The Neapolitan Mastiff or Italian Mastiff, (Italian: Mastino Napoletano) is a large, ancient dog breed. This massive breed is often used as a guard and defender of family and property due to their protective instincts and their fearsome appearance. According to American Kennel Club (AKC) standards, male Neapolitan Mastiffs should measure 26?31 inches (66?79 cm) at the withers, weigh 130?155 pounds (60-70 kg), while females should measure 24?29 inches (61?74 cm) and weigh 110?130pounds (50?60 kg). Body length should be 10?15% greater than height. The Neapolitan Mastiff is not a breed for most people, and certainly not a dog for beginners. Neapolitans must be well socialized with people, especially children, as Neos are large, powerful dogs and do not always know their own strength. Additionally, young children have young friends, and even with extensive socialization and training, Neapolitans will be wary of strangers and protective of their family, which can be disastrous for small children. Most of the time, they will protect their owners with their lives. Additional protection training is unnecessary because they are natural guard dogs and always have been. As with every breed, obedience training is very important. The Neo is very tolerant of pain due to the breed's early fighting background and the fact the skin is loose on the body, so it is important to routinely check for health problems, as a Neo may not behave differently when injured or ill. They also are renowned for drooling especially after drinking or if they get excited.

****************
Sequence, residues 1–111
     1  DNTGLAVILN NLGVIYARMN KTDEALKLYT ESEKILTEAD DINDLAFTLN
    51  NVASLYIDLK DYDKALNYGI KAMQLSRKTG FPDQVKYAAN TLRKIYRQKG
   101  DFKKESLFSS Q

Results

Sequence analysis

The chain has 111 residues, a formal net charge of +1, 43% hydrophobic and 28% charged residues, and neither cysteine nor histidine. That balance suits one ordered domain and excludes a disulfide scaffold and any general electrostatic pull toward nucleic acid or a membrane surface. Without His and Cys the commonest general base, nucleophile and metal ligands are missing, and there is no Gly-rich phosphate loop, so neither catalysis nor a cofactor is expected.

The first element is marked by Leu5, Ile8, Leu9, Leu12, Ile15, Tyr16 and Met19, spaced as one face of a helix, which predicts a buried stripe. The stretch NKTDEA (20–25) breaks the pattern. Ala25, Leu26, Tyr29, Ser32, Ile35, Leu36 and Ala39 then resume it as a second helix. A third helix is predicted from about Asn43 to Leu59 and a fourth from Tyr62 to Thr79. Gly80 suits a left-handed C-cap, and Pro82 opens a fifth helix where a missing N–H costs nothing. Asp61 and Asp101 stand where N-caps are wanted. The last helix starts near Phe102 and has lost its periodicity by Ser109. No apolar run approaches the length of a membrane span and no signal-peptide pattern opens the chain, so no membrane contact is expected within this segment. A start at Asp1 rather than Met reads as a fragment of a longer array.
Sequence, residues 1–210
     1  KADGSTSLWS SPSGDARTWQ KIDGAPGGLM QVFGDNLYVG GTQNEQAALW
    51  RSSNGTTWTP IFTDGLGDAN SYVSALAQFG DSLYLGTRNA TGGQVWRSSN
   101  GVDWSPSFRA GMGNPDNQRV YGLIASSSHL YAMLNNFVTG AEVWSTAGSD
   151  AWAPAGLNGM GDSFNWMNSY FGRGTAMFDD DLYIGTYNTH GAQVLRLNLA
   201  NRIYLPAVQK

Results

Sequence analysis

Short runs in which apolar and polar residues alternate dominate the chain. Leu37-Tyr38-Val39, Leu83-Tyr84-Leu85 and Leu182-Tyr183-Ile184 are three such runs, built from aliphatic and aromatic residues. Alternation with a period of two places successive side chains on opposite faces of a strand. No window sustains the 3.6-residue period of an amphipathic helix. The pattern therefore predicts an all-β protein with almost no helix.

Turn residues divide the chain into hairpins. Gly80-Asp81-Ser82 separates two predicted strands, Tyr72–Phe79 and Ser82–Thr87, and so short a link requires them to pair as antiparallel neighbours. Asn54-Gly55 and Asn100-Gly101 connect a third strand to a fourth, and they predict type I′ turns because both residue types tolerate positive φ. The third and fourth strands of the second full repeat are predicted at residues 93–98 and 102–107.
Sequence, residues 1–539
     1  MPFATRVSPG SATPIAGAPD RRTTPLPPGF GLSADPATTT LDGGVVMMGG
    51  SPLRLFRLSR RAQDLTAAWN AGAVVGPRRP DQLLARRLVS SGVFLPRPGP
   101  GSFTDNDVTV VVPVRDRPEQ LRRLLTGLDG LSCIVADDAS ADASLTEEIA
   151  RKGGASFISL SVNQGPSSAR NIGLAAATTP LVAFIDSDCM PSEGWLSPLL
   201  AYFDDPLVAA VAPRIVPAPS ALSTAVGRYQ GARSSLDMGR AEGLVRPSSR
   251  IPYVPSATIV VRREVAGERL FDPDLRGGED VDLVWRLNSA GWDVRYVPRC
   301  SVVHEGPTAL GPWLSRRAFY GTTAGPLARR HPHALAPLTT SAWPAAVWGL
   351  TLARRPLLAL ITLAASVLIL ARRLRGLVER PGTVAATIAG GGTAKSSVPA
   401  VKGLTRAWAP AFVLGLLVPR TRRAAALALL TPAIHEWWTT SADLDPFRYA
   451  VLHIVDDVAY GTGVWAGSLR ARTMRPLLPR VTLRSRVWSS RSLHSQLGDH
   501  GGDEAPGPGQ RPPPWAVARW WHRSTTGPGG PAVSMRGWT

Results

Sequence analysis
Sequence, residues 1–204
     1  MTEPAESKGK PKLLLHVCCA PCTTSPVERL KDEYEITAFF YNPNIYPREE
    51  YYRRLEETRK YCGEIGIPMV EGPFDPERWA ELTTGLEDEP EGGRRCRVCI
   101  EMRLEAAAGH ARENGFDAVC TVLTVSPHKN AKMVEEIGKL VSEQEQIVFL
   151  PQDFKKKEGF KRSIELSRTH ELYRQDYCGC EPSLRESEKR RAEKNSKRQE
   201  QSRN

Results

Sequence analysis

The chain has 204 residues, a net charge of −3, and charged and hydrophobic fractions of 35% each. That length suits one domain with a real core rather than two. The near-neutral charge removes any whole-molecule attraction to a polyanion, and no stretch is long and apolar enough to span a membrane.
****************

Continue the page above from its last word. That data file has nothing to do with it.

100. Norfolk Terrier
The Norfolk Terrier is a British breed of dog. Prior to gaining recognition as an independent breed in 1960, it was a variety of the Norwich Terrier, distinguished from the prick eared Norwich by its drop ears (or folded ears). Together, the Norfolk and Norwich Terriers are the smallest of the working terriers. The Norfolk Terrier has a wire-haired coat which, according to the various national kennel clubs' breed standards, can be all shades of red, wheaten, black and tan, or grizzle. They are the smallest of the working terriers. They are active and compact, free moving, with good substance and bone. Good substance means good spring of rib and bone that matches the body such that the dog can be a very agile ratter or earth-dog. Norfolk terriers are moderately proportioned dogs. A too heavy dog would not be agile. A too refined dog would make it a toy breed. Norfolks generally have more reach and drive and a stronger rear angulation, hence cover more ground than their Norwich cousins. Norfolk have good side gait owed to their balanced angulation front and rear and their slightly longer length of back.